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Tremors (cont.)

Clinical Conditions Associated with Tremors

Familial and Essential Tremor

Familial and essential tremors are the most common conditions associated with action tremor. In the familial, or hereditary form, several members of the same family are affected. This is a genetically heterogeneous condition, and more than one gene might be involved.

The non-familial form is referred to as essential tremor because it is not associated with any other neurological condition. The term "benign essential tremor" has been used in reference to this tremor; however, this is misleading since the tremor can be very severe and disabling. The essential and the familial hereditary forms are similar in clinical presentation.

  • In some affected individuals the tremors start in infancy, however, more often they appear in the second and third decade of life and are most prevalent when a person is in his/her 60's.
  • It is seen in both sexes with similar frequency.
  • Most often, the first signs of tremors are seen in the arms, usually in both of them.
  • The condition is chronic and, in many instances, progressive; as time goes by, other regions are involved including the head, neck, chin, and mouth.
  • The tremor in the arms interferes with many activities such as eating and drinking.
  • Other clinical manifestations might be a tremulous voice, a continuous head movement in a vertical "yes, yes" or horizontal "no, no" pattern.
  • The legs are rarely affected.
  • The tremor might be severe enough to result in functional disability.
  • Tremors increase with anxiety and stimulant drugs and may decrease with the ingestion of alcohol.

There is no diagnostic test that confirms the condition. The diagnosis is based on clinical findings. However some tests might be indicated to rule out other conditions.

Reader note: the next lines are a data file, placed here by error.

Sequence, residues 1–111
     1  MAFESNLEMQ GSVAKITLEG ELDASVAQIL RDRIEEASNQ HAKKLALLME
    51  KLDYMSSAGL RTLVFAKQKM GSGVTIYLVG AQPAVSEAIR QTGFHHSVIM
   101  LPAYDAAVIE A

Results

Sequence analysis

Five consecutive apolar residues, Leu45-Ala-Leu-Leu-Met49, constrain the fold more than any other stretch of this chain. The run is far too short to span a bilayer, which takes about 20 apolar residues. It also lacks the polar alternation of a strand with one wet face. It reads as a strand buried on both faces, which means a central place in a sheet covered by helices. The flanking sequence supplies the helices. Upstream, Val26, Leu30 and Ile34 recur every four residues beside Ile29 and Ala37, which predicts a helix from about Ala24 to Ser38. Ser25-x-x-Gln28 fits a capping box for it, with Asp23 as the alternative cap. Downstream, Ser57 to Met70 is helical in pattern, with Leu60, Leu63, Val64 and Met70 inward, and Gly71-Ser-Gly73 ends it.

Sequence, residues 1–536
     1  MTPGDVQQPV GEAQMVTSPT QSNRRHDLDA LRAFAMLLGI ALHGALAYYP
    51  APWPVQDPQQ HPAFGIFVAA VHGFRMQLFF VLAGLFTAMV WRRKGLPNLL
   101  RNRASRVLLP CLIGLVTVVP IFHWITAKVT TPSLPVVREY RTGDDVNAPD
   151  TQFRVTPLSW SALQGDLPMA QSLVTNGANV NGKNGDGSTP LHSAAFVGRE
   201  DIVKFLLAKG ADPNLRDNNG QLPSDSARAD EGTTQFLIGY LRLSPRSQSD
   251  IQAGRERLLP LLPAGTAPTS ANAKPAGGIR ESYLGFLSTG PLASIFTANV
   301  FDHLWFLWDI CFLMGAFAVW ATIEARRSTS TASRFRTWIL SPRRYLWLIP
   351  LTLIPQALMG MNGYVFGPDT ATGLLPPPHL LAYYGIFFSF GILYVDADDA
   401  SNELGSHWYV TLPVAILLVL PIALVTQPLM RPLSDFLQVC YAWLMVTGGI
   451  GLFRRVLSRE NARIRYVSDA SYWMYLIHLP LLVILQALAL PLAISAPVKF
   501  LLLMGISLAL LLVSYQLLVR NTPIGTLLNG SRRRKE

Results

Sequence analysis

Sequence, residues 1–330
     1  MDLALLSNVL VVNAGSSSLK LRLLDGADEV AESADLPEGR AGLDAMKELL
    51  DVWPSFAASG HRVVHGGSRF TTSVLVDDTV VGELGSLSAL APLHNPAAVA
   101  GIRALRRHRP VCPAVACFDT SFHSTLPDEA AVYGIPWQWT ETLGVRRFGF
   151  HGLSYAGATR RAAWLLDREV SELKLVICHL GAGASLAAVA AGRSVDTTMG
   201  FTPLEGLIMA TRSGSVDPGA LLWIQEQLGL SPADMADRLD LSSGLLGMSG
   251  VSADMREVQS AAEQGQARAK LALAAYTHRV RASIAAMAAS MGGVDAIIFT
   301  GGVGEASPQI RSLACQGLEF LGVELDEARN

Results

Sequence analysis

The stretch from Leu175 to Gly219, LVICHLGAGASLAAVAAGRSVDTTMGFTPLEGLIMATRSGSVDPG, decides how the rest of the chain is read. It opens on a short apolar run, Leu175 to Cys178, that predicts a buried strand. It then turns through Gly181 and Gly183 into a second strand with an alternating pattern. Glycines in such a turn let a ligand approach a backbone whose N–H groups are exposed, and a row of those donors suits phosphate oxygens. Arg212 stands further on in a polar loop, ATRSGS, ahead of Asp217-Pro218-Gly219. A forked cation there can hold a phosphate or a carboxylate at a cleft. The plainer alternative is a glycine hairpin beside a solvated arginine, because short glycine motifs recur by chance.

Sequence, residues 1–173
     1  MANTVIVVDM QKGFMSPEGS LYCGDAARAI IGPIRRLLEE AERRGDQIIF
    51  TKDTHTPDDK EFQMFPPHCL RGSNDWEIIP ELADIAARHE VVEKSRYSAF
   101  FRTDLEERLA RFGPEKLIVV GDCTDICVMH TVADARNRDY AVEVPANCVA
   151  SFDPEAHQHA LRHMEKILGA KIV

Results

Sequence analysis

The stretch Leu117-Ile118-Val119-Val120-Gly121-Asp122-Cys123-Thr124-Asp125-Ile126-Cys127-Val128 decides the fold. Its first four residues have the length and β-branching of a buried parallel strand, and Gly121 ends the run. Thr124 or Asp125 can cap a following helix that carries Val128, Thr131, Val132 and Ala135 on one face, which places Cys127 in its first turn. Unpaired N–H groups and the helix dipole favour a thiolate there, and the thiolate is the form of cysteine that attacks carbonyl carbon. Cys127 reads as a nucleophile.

Parkinsonian (rest) Tremor

This type of tremor is predominant in the Parkinsonian syndrome

The better known of these conditions is Parkinson's disease, a degenerative progressive disorder of the brain that predominantly affects a deep structure of the brain called the substantia nigra, located in the basal ganglia. The cause of the disease is unknown, the strongest associated risk factor being age. In some individuals, genetic factors might be important.

In Parkinson's disease the tremor is the most common initial sign. This is followed by:

  • gait disturbances, characterized by a shuffling gait and stooped posture;
  • stiffness in the muscles;
  • a general slowness in motor activities;
  • muscle pain; and
  • lack of dexterity.

In addition, the patients present with loss of facial expression and slowed speech with repetition of words. The symptoms progress slowly, and as the disease progresses the tremors are more prominent.

Other conditions with Parkinsonian Tremors

Several conditions in which Parkinsonian tremor might be an important feature include:

Degenerative disorders

Infection-related

  • AIDS
  • Neurosyphilis

Vascular parkinsonism

  • Small ischemic infarcts in the brain (lacunar state)

Drug/Toxin induced

Other disorders

  • Hydrocephalus
  • Brain tumors
  • Subdural hematomas
  • Post-traumatic
Medically Reviewed by a Doctor on 12/11/2014
Medical Author:

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